A few days after Qualcomm Inc. (QCOM) got slapped with an $853 million fine by the Korean Fair Trade Commission, the leading mobile chipmaker announced it reached a patent license agreement with Meizu Technology Co., the Chinese device maker that had been one of the last holdouts in terms of licensing Qualcomm’s technology in the country.

In a press release, Qualcomm and Meizu announced they reached an agreement in which Qualcomm granted Meizu a worldwide royalty-bearing patent license to develop, manufacture and sell CDMA2000, WCDMA and 4G LTE devices. Qualcomm said the royalties Meizu agreed to pay are consistent with the terms of the rectification plan submitted by Qualcomm to China's National Development and Reform Commission (NDRC). The agreement resolves all of the patent disputes between two companies in China, Germany, France and the U.S. 

A Source of Profit

"Qualcomm is pleased to sign this license agreement with Meizu and to help enhance Meizu's product line and generate strong growth for the company, both in China and globally," said Alex Rogers, executive vice president and president of Qualcomm Technology Licensing, in the press release announcing the deal.

Qualcomm had previously sued Meizu in courts in several countries after failing to get Meizu to pay royalties on its patents. Royalties from licensing its technology is a big business for Qualcomm given more than half of its profits come from that avenue.

 Another Patent Agreement Earlier In Week

Friday’s announcement comes on the heels of another patent license agreement Qualcomm inked with a Chinese device marker. Earlier this week it announced it reached agreement with Gionee Communications Equipment Co. Under that license agreement, Gionee can develop and manufacture devices using Qualcomm’s 3G WCDMA and CDMA2000 and 4G LTE technology in exchange for royalty payments. (See also: Qualcomm Inks Patent Agreement With China’s Gionee.)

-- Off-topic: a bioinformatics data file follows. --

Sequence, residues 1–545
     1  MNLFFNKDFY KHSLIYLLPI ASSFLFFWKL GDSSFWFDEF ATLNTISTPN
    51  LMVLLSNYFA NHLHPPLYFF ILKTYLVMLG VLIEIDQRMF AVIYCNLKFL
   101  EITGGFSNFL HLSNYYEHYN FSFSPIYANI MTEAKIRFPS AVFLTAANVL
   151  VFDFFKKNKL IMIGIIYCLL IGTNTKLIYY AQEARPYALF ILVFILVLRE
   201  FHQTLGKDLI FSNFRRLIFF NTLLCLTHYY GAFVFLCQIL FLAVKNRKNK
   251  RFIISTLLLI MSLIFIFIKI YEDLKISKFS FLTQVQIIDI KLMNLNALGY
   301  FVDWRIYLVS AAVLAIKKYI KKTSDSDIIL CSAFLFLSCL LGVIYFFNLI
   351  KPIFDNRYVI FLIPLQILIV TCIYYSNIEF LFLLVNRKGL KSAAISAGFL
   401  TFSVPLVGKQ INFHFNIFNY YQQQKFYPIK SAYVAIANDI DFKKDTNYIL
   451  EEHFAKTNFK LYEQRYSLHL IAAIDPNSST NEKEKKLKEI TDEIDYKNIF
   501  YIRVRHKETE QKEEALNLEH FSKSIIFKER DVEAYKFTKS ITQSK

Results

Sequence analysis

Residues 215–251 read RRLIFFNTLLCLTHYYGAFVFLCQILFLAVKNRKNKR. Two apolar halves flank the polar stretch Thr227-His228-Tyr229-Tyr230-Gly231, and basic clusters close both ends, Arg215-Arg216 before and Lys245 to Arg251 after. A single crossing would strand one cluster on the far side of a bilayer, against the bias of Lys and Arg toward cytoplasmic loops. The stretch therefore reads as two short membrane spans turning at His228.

Since agreeing to pay a $975 million fine in China to settle antitrust charges in February of last year, most Chinese device makers have licensed Qualcomm technology. When reporting fiscal fourth-quarter results Qualcomm’s CEO Steve Mollenkopf told The Wall Street Journal that nine of the 10 biggest handset makers in China had inked agreements with the U.S. company. What’s more, he said in some instances the companies made “catch-up” payments from previous quarters.

 Fine Creates New Headaches

While Qualcomm is making inroads with Chinese companies, the huge fine levied against it from South Korea could create headaches for the mobile chipmaker, which is trying to diversify beyond the saturated handset market. 

The KTFC ruled that Qualcomm engaged in unfair business practices regarding the licensing of its patents. The fine, which is the biggest ever lodged against a company in South Korea, is facing a challenge from Qualcomm, which said in a statement the ruling “is an unprecedented and insupportable decision relating to licensing practices that have been in existence in Korea and worldwide for decades and that the KFTC … reviewed but did not question in a previous investigation of Qualcomm.” (See also: South Korea Hits Qualcomm With $854M Fine.)

 

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